When you look at a building in Edmonton, the operational infrastructure like sewer pipes, shallow utilities, and grids that lie beneath it do not often come to mind. While tucked out of sight – they play a critical role in advancing Edmonton’s vision of welcoming one million more people to the city.
But are we ready to support this growth from an infrastructure perspective? That question was posed to experts from EPCOR, ATCO, and FortisAlberta late September at Urban Development Institute’s monthly panel presentation.
“The land development industry is actively building new communities in Edmonton’s developing and redeveloping areas and are working to expand into future growth areas over the coming years as our population expands,” said Shane Gerein of Qualico Communities, who moderated the panel. “This conversation helped to shine a light on where we are today and where we need to go.”
One of the speakers, Brodie Chalmers, Manager of Hydrogen System Planning with ATCO, said the region is ready for growth but should pay attention to the challenges associated with lowering our emissions profile.
He highlighted hydrogen as a particular opportunity. In fact, he and his team at ATCO are advancing hydrogen blending infrastructure projects in the Edmonton region, beginning in Fort Saskatchewan later this year.
“Once complete, our Fort Saskatchewan Hydrogen Blending project will be used as a stepping-stone into the Canadian hydrogen market, allowing ATCO to demonstrate its abilities in the sector while working through various requirements.”
He added, “It will act as a critical building block for our energy future.”
Susan Ancel, Director for One Water Planning at EPCOR, noted that from a water, storm, and sewer perspective, EPCOR is ready for growth.
“Water usage is significantly down from the early 1990s,” Ancel said.
At EPCOR, Susan is responsible for the development of strategic plans for water, sanitary and storm water systems in Edmonton.
“And now that we have The City Plan, we can align our services and infrastructure investments with the growth anticipated along key nodes and corridors of the city,” Ancel added. “We’re also actively reassessing the pipe sizes of our major sewer infrastructure considering the success of water conservation and implementing smart sensor technologies to allow us to make better use of existing capacity in ponds and pipes.”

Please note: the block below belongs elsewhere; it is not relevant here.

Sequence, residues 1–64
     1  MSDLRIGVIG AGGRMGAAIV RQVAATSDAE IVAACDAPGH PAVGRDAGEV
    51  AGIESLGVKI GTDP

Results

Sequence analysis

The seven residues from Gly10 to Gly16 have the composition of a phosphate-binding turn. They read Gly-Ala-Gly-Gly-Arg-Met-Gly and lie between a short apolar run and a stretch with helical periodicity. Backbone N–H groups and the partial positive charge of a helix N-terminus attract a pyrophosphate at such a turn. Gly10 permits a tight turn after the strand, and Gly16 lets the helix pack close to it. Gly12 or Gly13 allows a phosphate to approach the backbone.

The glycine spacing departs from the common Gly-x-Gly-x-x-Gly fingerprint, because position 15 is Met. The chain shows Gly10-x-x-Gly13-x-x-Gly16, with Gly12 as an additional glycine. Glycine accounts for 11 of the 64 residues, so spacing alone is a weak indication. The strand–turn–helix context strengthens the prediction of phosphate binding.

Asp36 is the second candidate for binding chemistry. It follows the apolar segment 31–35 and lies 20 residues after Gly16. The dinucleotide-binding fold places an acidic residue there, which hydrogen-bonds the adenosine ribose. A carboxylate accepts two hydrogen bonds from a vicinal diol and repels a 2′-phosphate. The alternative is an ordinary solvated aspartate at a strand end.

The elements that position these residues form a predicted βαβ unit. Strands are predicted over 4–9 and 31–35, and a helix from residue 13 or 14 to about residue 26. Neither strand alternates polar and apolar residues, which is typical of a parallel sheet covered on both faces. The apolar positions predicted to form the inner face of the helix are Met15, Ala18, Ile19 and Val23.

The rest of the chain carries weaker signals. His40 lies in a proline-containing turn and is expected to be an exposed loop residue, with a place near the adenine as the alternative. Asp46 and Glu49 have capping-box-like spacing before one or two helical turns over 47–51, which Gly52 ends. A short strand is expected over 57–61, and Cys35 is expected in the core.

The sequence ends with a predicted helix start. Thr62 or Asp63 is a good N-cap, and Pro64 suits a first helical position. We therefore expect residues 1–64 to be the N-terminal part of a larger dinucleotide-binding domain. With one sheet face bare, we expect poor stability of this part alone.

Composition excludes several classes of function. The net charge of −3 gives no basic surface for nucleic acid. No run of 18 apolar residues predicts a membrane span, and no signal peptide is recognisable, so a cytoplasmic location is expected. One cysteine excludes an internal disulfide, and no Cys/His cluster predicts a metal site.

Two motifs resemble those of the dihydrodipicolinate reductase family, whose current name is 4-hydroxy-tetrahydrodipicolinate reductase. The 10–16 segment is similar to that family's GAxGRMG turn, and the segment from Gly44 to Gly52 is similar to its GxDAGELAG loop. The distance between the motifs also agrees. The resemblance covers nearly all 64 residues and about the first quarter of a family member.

Dave Hunka, Manager of Municipalities with FortisAlberta, noted that regional municipalities have seen approximately 15% growth annually over recent years.
“We’re already seeing growth, and we’re meeting the demand,” said Hunka. “But we have many material challenges to contend with in the foreseeable future – like supply chain disruptions.”
When thinking about how to address a more uncertain future, the panel of experts spoke about the need to integrate infrastructure and establish public-private partnerships.
“We have an opportunity to harmonize the timing of our infrastructure replacements,” said Hunka. “As we move forward, it’ll be important for all of us to clearly communicate with one another and with our stakeholders.”
5 Key Takeaways
- We are set for success. As our history and experience has shown, we are well positioned to address inevitable challenges that come with growth.
- We are modernizing our processes. Outdated and incongruent policies, regulations, and standards may create challenges and barriers unless rectified.
- We are at the heart of innovation. There are currently numerous investments being made into innovative technologies and processes by the utility companies.
- We are integrating. Our utility companies work well together but there is an opportunity for greater strategic alignment in upgrading infrastructure – particularly in terms of timing.
- We are working towards shared outcomes. Clear and timely conversations between utility companies and industry are key in achieving mutually beneficial outcomes.